Know a Nominee: Gina Raimondo to be Secretary of Commerce
Do you support or oppose Raimondo’s nomination?
by Causes | 3.2.21
- The Senate cast a bipartisan vote of 84-15 on Tuesday to confirm Gina Raimondo as Secretary of Commerce.
- The Senate voted 84-15 on Monday to limit further debate on the nomination of Gina Raimondo to be Secretary of Commerce.
The Senate is expected to vote in the near future on the nomination of Gina Raimondo to be Secretary of Commerce, starting with a procedural vote on Monday. Here’s what you need to know about the nominee.
Who is Gina Raimondo?
- Raimondo, 49, is the governor of Rhode Island and has served in that role since 2015, winning her initial election to the office in 2014 and re-election in 2018. Before her election as governor, Raimondo was the state’s general treasurer for four years.
- She earned her undergraduate degree with honors from Harvard College and earned a law degree from Yale Law School. Raimondo later attended New College, Oxford as a Rhodes Scholar, where she earned a master degree and doctorate of philosophy.
- After law school, Raimondo clerked for Judge Kimba Wood of the U.S. District Court for the Southern District of New York. She later worked at a venture capital firm before co-founding a new venture capital firm.
What’s the outlook for her nomination?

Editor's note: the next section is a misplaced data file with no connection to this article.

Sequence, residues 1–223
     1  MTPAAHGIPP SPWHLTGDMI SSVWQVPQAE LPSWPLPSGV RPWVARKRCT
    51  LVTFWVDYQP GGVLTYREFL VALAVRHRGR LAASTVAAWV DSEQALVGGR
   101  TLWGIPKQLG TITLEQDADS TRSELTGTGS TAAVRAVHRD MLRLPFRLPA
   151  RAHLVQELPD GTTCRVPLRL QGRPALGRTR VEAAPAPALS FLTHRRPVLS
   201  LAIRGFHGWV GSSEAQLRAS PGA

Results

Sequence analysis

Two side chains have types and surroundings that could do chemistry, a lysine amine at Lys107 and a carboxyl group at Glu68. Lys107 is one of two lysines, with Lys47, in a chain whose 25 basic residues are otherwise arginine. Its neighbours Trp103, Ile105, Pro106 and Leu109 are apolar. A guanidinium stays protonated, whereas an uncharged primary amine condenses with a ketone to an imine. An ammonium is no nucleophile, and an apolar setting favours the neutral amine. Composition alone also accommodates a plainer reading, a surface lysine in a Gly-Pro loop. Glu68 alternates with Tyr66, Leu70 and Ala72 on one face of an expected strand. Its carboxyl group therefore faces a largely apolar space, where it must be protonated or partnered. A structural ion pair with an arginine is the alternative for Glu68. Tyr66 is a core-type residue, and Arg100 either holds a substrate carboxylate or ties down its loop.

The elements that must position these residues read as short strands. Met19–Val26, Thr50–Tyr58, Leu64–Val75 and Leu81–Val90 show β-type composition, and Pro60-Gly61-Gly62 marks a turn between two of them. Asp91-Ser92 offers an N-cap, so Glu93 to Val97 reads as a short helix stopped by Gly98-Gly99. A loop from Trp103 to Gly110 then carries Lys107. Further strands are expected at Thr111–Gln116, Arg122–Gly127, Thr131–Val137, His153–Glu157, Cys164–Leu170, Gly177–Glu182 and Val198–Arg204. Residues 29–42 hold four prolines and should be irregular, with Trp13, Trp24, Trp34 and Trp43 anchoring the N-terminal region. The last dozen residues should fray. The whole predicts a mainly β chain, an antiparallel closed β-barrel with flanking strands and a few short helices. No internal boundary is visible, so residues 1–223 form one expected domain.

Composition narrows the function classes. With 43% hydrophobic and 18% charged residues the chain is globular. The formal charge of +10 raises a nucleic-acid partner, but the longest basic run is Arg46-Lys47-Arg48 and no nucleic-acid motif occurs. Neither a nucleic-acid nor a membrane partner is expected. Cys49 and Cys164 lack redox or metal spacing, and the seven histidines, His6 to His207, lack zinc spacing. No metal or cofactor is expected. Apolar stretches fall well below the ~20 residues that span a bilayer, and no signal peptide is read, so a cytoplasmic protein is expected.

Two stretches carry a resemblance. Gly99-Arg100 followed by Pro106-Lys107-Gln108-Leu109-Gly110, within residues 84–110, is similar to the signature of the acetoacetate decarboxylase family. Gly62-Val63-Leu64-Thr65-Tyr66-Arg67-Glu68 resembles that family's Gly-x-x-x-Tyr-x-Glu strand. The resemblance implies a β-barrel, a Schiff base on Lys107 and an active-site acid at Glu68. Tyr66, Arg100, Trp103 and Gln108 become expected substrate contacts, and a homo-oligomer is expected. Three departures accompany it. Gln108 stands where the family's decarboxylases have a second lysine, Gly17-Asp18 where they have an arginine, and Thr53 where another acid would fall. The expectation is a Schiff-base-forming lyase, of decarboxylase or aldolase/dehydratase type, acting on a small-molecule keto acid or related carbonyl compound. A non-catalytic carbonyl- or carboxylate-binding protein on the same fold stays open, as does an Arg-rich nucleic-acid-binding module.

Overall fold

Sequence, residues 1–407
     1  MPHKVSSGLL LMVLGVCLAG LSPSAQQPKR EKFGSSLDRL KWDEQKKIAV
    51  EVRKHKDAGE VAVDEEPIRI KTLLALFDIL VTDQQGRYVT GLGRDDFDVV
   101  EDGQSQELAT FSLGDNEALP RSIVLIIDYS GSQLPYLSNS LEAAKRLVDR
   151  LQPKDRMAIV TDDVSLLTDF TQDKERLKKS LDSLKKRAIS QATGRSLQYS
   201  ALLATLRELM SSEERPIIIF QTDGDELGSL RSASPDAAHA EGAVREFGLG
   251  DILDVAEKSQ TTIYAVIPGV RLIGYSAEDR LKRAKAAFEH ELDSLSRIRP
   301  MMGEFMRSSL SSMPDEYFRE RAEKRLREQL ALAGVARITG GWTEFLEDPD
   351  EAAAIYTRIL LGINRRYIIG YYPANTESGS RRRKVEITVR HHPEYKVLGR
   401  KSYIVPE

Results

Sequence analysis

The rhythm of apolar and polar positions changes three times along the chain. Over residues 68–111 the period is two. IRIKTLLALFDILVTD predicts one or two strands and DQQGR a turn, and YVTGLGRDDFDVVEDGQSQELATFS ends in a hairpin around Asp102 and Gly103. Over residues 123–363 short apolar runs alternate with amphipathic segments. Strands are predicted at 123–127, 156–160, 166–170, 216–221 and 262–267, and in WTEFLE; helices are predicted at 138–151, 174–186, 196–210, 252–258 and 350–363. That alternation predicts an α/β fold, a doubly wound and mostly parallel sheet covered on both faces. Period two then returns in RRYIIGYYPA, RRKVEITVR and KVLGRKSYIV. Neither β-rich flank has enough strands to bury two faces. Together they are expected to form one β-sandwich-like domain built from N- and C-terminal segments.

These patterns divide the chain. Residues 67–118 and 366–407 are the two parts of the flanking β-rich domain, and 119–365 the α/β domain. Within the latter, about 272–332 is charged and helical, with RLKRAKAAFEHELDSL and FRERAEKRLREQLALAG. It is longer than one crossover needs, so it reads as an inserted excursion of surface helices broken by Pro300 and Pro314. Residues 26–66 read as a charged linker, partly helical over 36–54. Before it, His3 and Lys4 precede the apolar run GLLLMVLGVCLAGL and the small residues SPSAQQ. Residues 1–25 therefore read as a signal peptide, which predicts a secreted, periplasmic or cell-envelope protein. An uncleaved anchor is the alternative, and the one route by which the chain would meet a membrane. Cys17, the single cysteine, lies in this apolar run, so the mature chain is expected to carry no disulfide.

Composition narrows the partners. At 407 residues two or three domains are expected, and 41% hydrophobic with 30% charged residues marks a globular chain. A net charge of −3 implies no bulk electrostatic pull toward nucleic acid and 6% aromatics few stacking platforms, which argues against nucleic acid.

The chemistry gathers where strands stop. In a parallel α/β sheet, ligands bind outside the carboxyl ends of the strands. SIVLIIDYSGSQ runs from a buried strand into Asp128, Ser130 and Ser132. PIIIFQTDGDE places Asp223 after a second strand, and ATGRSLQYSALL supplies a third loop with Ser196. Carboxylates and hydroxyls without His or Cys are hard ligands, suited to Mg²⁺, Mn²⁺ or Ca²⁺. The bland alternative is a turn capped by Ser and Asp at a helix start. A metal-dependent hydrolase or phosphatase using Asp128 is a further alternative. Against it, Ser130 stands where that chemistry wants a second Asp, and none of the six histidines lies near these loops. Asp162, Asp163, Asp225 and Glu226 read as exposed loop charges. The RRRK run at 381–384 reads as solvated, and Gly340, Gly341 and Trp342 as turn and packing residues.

- During her confirmation hearing, Raimondo was asked about whether she would remove Chinese telecommunications company Huawei from a Commerce Dept. list that restricts their ability to buy technology and intellectual property from American firms without receiving a federal license.
- Initially, Raimondo gave a non-committal answer, but she later clarified in writing that she sees “no reason” to believe that Huawei should be removed from the list. Raimondo also said she would use tools to sanction products made with forced labor in Xinjiang, China, where U.S. officials have said the Chinese Communist Party is committing genocide.
- The Senate Commerce Committee advanced Raimondo’s nomination on a bipartisan 21-3 vote.
What does it mean for the Dept. of Commerce?
- The Dept. of Commerce promotes job creation and economic growth by regulating trade, generating data, and setting standards to foster innovation.
- Among the agencies within the Dept. of Commerce are the Census, the National Weather Service, and National Oceanographic and Atmospheric Administration Fisheries.
- The agency has bureaus in all 50 states, every U.S. territory, and over 86 countries. It had more than 46,000 employees as of January 2018.
— Eric Revell
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